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The Most Dangerous Forms of Travel

The most dangerous ways to travel....

Widespread media attention has focused on Amtrak's Auto Train crash, which may have been caused by faulty railroad tracks owned and maintained by a private freight railroad.

Though four deaths are always four too many casualties, riding a bicycle or speeding a boat across a lake are many times more dangerous than taking a modern, safe and comfortable passenger train.

According to the National Transportation Safety Board, starting the ignition of your car is more likely to kill you than any other form of transportation.

National Transportation Safety Board
1999-2000 U.S. Transportation Fatalities


    1999 20001
Highway: Passenger cars 20,862 20,455
  Light trucks and vans 11,265 11,439
  Pedestrians 4,939 4,727
  Motorcycles 2,483 2,680
  Pedalcycles 754 738
  Medium and heavy trucks 759 746
  Buses 59 31
  Other 596 984
  Total 41,717 41,800
Grade Crossings:2 (402) (425)
Rail: Intercity3-    
  Trespassers and nontrespassers4 530 544
  Employees and contractors 43 28
  Passengers on trains 14 4
  Light, heavy, and commuter rail 196 194
  Total 783 770
Marine: Recreational boating 734 701
  Cargo transport 47 36
  Commercial fishing6 57 41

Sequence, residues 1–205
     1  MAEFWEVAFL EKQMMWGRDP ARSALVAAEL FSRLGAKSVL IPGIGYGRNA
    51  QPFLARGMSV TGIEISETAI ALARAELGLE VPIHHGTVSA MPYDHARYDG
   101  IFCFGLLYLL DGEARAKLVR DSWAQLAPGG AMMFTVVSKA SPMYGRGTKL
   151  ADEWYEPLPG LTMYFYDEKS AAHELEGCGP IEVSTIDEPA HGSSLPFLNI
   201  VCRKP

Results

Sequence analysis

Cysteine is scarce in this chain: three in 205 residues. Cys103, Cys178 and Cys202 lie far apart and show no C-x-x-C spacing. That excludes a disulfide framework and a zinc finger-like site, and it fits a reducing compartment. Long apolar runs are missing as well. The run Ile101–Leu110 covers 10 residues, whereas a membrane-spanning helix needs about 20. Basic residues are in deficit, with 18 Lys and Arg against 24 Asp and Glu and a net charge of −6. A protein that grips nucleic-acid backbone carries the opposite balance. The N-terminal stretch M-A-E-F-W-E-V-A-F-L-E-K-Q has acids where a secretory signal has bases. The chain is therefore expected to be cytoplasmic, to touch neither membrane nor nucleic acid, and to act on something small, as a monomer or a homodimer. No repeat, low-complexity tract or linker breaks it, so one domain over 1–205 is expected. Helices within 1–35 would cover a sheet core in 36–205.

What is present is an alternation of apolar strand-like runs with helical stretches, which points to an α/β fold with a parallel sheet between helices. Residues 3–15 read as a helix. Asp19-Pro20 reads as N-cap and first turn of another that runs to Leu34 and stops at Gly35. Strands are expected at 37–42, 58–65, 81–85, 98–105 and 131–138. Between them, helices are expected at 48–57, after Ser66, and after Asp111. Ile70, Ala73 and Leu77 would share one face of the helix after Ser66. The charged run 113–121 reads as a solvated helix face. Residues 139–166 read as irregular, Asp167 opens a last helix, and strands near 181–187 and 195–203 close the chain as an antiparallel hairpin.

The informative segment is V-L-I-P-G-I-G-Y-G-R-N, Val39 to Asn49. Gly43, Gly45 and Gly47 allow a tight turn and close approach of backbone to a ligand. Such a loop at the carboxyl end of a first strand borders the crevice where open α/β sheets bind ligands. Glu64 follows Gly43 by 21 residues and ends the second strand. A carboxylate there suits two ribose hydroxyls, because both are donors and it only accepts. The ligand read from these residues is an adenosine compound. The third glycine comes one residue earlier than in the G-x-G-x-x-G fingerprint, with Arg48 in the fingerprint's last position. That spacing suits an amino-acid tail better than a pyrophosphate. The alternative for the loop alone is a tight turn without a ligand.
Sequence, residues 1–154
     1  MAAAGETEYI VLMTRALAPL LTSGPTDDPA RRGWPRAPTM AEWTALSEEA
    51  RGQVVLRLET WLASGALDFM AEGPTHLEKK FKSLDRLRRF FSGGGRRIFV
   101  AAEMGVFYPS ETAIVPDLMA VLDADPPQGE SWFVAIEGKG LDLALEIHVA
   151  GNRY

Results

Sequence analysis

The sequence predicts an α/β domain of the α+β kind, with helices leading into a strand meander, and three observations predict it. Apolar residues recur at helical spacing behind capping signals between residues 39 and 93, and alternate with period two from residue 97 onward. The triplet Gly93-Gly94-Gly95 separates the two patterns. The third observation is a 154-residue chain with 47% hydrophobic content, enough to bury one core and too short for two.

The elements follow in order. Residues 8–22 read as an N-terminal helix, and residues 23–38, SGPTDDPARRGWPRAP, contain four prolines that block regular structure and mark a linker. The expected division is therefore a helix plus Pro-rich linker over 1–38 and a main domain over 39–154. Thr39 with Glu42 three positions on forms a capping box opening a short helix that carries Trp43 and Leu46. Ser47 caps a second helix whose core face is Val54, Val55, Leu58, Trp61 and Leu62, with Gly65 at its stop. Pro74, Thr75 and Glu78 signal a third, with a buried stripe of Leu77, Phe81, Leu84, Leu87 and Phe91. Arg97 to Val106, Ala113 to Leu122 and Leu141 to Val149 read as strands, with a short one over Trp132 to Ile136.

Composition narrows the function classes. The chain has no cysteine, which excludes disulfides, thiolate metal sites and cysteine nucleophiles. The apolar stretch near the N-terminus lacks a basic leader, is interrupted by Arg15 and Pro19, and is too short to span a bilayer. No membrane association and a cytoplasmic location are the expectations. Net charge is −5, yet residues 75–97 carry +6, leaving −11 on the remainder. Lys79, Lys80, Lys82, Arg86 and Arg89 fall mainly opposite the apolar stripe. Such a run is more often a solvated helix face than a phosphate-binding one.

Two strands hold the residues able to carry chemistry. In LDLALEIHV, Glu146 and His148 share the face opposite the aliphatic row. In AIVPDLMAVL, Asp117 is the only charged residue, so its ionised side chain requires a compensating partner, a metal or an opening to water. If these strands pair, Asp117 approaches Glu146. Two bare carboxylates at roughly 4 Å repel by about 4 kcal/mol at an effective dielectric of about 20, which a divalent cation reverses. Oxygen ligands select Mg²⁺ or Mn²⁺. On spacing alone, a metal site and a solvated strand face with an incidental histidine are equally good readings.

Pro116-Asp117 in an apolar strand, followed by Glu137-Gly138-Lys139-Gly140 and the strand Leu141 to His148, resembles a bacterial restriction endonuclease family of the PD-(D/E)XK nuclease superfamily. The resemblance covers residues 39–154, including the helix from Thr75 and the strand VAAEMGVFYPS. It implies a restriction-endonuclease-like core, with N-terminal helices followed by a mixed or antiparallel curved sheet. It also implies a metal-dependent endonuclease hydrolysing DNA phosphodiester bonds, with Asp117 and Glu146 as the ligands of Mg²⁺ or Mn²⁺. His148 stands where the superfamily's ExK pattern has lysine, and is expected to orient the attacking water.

Commercial passengers 36 23
  Total 874 801
Aviation: General aviation 630 592
  Airlines 12 92
  Air taxi 38 71
  Commuter 12 5
  Foreign/unregistered7 1 17
  Total 693 777
Pipeline: Gas 22 37
  Liquids 4 1
  Total 26 38
  Total: 44,093 44,186
1 Numbers for 2000 are preliminary estimates. Aviation data come from the NTSB; all other data are from the U.S. Department of Transportation (DOT).
2 Grade crossing fatalities are not counted as a separate category for determining the grand totals because they are included in the highway and rail categories, as appropriate.
3 Data reported to Federal Rail Administration (FRA).
4 Does not include motor vehicle occupants killed at grade crossings.
5 Data reported to Federal Transit Administration (FTA). Fatalities for commuter rail operations may also be reported to the FRA and may be included in the intercity railroad fatalities.
6 Refers to operational fatalities.
7 Includes non-U.S. registered aircraft involved in accidents in the United States.


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